But we've become a viable and accepted advertising option for the industry because of so many others: Adena Springs, Alex Brown Racing, AmWest Entertainment, Arizona Symposium, August Properties, Australian Racing, BetAmerica.com, Breeders' Cup, Brisnet.com, Brookdale Sales, Calder Race Course, California Racing, Coolmore, CTT, Darby Dan, Del Mar, Denali Stud, Derby Dreamer, Dish Network, Dogwood Stables, Dry Stone, Eaton Sales, eNicks, Equiforce, Equine Savings, ESI, Fasig-Tipton, Fleming Thoroughbred, Foaltrack, Fox Hill Farm, Gainesway, Gayle Van Leer, Gulfstream Park, Hill 'n' Dale Farm, Hollywood Park, Horsehats.com, Indiana Horse Racing, Jerry Jamgotchian, John Fulton Bloodstock, Jose Decamargo, KBC Horse Supplies, Keeneland, KEEP, Lane's End, Lost in the Fog Productions, M & M Thoroughbreds, Margaux Farm, MI Developments, Mike McMahon Bloodstock, Monmouth Park, Muirfield Insurance, NYRA, Oaklawn Park, Ocala Horse Properties, OCD Pellets, Overbrook Farm, Parting Glass Racing, Pin Oak Stud, Pony Highway Productions, Portland Meadows, Sasscer Hill, Spendthrift Farm, Jared Squires, Stevenson and Associates, Stonestreet Farm, Suffolk Downs, Tattersalls, Taylor Made Sales and Stallions, That's Racing LLC, Thoroughbred Power Ranking, Three Chimneys, Twinspires.com, TVG, Walmac Farm, West Point Throughbreds, WinStar Farm, Woodbine Entertainment and XpressBet.
If you've advertised with us and I didn't list your name above, then I've forgotten to bill you. Please send me an email.
This past year we've gone through a complete redesign. Some balked and resisted change, but our traffic has gone up 57% over the year before. We've been fortunate enough to make recent University of Louisville Equine Business School grad and former National Public Radio reporter Scott Jagow a full-time content manager and blessed to have Mary Forney join us for weekend editor duties and other assignments. And of course Ray's wife Carol continues to be a strong behind-the-scenes asset.
I'd also like to thank my wife Nikki for all the time she has given up over the years and her instant grasp of where the Paulick Report could go. Without her unwavering belief and support, I have no doubt there would not be a Paulick Report today.
But most of all, I want to thank that beautiful gray-haired Kevin Bacon look alike with the funny walk and quick wit we all know as Ray Paulick. I'm still a young man at 33 but I don't think partnerships like the one Ray and I have forged over the years happen every day. Can he be difficult at times? Sure. Have I had to say the same thing to him eight times before he remembers I said it once? More times than I can remember. But there is no harder working, insightful, and creative force in the Thoroughbred industry than Ray and it has been the experience of a lifetime to work side-by-side with him for these three years. My admiration for Ray is without bounds and if you saw half of what he does behind the scenes personally and professionally, you'd understand why I feel that way. We are all lucky to have his supremely dedicated voice in the racing industry.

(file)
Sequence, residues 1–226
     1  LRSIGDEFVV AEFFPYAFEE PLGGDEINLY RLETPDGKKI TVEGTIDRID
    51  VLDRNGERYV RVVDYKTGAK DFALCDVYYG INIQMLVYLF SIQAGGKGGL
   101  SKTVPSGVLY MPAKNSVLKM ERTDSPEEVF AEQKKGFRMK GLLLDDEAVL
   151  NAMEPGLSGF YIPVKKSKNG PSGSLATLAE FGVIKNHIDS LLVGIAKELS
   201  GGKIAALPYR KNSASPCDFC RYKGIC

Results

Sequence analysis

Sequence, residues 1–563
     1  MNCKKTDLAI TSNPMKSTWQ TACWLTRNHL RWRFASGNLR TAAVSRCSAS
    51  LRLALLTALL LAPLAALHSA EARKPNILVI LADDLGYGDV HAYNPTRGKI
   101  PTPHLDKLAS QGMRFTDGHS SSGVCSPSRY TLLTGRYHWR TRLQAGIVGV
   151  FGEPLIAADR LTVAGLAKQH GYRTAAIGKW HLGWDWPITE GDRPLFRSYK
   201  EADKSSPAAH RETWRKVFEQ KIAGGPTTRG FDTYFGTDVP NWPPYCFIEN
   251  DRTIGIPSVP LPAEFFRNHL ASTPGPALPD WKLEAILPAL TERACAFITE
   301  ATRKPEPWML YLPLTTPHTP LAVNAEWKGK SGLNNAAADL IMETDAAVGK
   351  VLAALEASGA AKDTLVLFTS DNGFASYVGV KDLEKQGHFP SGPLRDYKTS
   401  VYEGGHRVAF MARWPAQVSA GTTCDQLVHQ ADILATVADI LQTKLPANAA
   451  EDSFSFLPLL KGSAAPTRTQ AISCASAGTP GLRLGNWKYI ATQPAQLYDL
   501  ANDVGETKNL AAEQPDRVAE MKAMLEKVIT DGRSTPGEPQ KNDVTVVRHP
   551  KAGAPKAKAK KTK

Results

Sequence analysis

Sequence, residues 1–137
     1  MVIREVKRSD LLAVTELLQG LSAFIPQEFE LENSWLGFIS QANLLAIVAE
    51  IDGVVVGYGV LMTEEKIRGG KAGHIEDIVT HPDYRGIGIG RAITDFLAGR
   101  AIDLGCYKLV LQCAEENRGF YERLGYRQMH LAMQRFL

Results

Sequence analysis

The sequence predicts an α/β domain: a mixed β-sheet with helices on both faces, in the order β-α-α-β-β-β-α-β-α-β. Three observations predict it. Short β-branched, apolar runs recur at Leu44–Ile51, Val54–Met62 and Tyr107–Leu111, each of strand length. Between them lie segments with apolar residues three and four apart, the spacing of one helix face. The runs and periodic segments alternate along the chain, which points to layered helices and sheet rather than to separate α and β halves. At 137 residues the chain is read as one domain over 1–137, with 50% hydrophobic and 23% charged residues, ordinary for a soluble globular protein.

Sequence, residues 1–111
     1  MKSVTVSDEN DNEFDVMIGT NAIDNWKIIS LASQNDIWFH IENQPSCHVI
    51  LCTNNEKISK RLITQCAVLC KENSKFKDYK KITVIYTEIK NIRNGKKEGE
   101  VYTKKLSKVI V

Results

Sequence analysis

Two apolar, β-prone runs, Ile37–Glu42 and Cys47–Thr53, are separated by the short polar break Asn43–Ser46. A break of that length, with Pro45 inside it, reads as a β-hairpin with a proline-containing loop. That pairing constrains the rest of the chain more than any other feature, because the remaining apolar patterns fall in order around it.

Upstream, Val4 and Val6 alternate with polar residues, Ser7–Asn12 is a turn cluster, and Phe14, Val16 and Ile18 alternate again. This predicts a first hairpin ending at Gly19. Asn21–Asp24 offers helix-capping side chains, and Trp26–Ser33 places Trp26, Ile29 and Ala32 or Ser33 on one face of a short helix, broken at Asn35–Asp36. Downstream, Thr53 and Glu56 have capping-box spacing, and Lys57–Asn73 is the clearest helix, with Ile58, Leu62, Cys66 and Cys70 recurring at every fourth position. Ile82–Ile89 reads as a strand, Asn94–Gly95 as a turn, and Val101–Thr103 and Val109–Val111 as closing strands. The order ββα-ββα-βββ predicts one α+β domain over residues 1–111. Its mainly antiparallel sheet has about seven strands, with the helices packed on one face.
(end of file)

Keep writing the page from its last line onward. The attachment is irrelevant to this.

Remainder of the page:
So we'll continue to improve our product and make it more enjoyable for our readers. We'll continue to find value for our advertisers. I'll continue to make fun of how Ray walks. And we'll certainly continue to do what we can to make the Thoroughbred industry stronger going into the future.
Since Ray and I are not a 501 (c) 3 charity, we gave our sponsor Three Chimneys an opportunity to choose a charity this week and they have selected Ronald McDonald House Charities of the Bluegrass.
The Ronald McDonald House Charities of the Bluegrass exists to create and support programs that directly improve the health and well-being of children and to strengthen families by keeping them together in times of medical need. In 2010, a group of Lexington-based young professionals, including several members of the Thoroughbred industry, started the Bluegrass Red Shoe Society, which allows individuals between the ages of 21 and 35 to support the mission of the Ronald McDonald House Charities of the Bluegrass in unique and innovative ways.
If you live in Lexington and would like to know more about how you can get involved with the Ronald McDonald House or the Bluegrass Red Shoe Society, please contact Sarah Warner, Executive Director of the Ronald McDonald House Charities of the Bluegrass ([email protected]) or Margret Ridley, President of the Bluegrass Red Shoe Society ([email protected]) for more information.